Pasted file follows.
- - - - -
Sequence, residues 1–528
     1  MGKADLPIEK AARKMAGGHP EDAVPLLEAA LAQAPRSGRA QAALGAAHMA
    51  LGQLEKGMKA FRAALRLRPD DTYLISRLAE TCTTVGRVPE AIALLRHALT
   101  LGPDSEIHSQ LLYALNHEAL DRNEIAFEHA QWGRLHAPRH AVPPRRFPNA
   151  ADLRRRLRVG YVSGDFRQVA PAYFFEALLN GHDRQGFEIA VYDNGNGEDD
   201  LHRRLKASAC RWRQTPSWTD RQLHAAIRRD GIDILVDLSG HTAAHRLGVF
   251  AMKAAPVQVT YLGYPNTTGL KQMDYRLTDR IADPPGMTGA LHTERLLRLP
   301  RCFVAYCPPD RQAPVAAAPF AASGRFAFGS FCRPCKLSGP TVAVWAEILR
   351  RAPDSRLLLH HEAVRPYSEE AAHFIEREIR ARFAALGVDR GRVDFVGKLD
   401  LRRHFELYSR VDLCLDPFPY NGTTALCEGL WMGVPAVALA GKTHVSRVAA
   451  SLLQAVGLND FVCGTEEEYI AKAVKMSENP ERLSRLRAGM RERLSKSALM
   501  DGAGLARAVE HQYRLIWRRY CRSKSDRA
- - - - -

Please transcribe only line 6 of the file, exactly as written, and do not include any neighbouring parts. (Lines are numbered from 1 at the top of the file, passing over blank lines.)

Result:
   201  LHRRLKASAC RWRQTPSWTD RQLHAAIRRD GIDILVDLSG HTAAHRLGVF